use. ,
Passage of the bill by the senate
was in striking contrast' to its
troublous voyage through the house.
No serious effort to alter its terms
was made except the attempt by
Senator Shields. The Tennessee
senator contended that since jjeniob
ilization was in -fact almost com- ,
pleted this section of the act applied
only to New York ' state as every .
other state where active demobiliza- ,
tion camps were situated was dry by
state statute. He asserted that laws
forbidding sale of intoxicants to men
in uniform and fixing dry zones
about military camps and posts, fully
protected soldiers. J:
May Expire Soon. j
Senator Wadsworth said only 8
per cent of the army remained to be
demobilized, and that passage of a
war-time enforcement act offered the :
curious spectacle of providing for
carrying out a law that was about to :
die. He brought out the fact that
the power of the president to render
this section ineffective whenever
peace was declared by means of a
proclamation terminatin the de
mobilization period, was not changed
and said:
"If events transpire as we : asi-
sume' they will transpire this act
will expire in two months or six
"Does the senator mean," asked ,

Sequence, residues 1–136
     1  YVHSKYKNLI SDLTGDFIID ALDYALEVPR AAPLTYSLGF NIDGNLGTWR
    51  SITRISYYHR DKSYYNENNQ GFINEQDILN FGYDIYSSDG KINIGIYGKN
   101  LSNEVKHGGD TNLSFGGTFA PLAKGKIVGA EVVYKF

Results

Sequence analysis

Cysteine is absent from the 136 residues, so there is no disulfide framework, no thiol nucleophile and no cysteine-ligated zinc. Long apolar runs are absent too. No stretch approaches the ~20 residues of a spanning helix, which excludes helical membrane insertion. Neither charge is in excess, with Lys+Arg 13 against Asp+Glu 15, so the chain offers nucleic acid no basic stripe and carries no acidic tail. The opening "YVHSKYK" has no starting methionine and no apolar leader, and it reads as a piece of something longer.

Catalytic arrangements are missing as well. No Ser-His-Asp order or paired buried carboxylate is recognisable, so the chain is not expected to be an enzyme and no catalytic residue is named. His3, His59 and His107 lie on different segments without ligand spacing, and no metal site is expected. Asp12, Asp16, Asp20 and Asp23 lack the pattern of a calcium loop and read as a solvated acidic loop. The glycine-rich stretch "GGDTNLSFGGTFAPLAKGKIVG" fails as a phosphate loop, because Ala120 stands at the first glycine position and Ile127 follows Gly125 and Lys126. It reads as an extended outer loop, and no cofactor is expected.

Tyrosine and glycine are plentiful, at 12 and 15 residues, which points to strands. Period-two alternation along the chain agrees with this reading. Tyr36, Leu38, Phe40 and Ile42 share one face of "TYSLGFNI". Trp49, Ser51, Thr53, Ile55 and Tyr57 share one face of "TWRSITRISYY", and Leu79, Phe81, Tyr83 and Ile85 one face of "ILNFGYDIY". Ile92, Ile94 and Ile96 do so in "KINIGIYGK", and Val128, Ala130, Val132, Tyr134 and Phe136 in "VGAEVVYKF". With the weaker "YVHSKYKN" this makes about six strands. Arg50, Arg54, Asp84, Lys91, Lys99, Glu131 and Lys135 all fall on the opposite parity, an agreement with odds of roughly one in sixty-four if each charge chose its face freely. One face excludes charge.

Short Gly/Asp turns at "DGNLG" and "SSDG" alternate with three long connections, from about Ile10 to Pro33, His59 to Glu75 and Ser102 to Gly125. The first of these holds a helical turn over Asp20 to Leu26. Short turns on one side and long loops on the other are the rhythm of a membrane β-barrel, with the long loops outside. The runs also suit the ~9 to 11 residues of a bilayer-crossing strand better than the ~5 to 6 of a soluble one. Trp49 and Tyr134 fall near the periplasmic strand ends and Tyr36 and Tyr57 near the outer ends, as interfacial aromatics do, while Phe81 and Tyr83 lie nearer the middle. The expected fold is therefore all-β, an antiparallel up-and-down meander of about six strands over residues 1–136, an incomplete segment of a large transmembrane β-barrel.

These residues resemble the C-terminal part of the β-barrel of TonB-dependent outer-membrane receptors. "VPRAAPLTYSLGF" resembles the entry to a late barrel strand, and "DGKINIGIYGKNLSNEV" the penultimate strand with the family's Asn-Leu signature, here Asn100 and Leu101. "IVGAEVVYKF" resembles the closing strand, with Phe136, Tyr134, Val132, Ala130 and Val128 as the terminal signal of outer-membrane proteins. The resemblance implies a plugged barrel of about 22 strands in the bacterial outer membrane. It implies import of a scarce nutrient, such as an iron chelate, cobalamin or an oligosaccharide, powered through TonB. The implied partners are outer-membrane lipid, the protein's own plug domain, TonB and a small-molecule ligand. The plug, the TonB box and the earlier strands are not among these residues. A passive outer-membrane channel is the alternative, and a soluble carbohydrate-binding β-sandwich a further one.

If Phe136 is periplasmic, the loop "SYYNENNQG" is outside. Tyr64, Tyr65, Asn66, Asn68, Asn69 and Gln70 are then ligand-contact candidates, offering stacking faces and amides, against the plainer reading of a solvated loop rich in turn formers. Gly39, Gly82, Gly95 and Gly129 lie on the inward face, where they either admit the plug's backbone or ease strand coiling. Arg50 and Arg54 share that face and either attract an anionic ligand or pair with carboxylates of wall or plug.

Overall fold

senator .Fomerene, democrat. Ohio.
'that the treaty will be ratified in '
two months?
"I said nothing about ratifica
tion," Senator Wadsworth replied.
Norris Attempt Fails. . "
Senator Shields declared con-'
gress was. acting under false pre
tenses" in fixing the enforcement
regulations on all of the country
now under the guise of a demobili
zation necessity and denying men
with money invested in the pro
scribed industry a fuller oDoortunitv
to adjust their affairs. Senator
Walsh, democrat, Montana, replied
that congress had made the act ap-'
ply to all of the country, regardless
of the progress of demobilization, ,
unless that process should be c6m"
pleted, and the enforcement meas
ure could only follow that policy.
An attempt by Senator Norris,
republican, Nebraska, to amend the
bill so that violation of regulations
promulgated under its authority,
would not have the same force as '
violation of the law itself. This
provoked considerable discussion,
but the proposal found few support
ers on the vote.
Poincare to Lay Cornerstone
of United States Memorial
Paris, Sept. 5. President Poin
care and Hugh C. Wallace, the
American ambassador to France,
will be the principal speakers at
the ceremony next Saturday of lay
ing the cornerstone for the monu
ment which is to be erected at
I'oinh de Grieve, to commemorate
the first landing of American troops
in France to participate in the world
war. The monument will be a cop
of the statute of liberty.